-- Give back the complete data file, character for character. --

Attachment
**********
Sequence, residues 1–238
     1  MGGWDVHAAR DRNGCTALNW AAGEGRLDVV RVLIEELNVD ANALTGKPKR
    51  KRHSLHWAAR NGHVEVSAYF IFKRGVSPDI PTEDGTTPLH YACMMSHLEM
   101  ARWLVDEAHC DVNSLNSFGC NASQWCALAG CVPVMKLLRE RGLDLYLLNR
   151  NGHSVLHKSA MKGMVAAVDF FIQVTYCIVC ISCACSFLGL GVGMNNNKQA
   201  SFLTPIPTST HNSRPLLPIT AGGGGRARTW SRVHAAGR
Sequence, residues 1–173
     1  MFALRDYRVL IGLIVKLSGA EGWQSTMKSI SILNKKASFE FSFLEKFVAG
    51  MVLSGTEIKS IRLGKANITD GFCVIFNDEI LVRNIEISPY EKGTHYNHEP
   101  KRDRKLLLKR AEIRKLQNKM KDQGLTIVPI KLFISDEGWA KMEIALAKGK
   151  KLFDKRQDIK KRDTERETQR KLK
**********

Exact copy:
Sequence, residues 1–238
     1  MGGWDVHAAR DRNGCTALNW AAGEGRLDVV RVLIEELNVD ANALTGKPKR
    51  KRHSLHWAAR NGHVEVSAYF IFKRGVSPDI PTEDGTTPLH YACMMSHLEM
   101  ARWLVDEAHC DVNSLNSFGC NASQWCALAG CVPVMKLLRE RGLDLYLLNR
   151  NGHSVLHKSA MKGMVAAVDF FIQVTYCIVC ISCACSFLGL GVGMNNNKQA
   201  SFLTPIPTST HNSRPLLPIT AGGGGRARTW SRVHAAGR
Sequence, residues 1–173
     1  MFALRDYRVL IGLIVKLSGA EGWQSTMKSI SILNKKASFE FSFLEKFVAG
    51  MVLSGTEIKS IRLGKANITD GFCVIFNDEI LVRNIEISPY EKGTHYNHEP
   101  KRDRKLLLKR AEIRKLQNKM KDQGLTIVPI KLFISDEGWA KMEIALAKGK
   151  KLFDKRQDIK KRDTERETQR KLK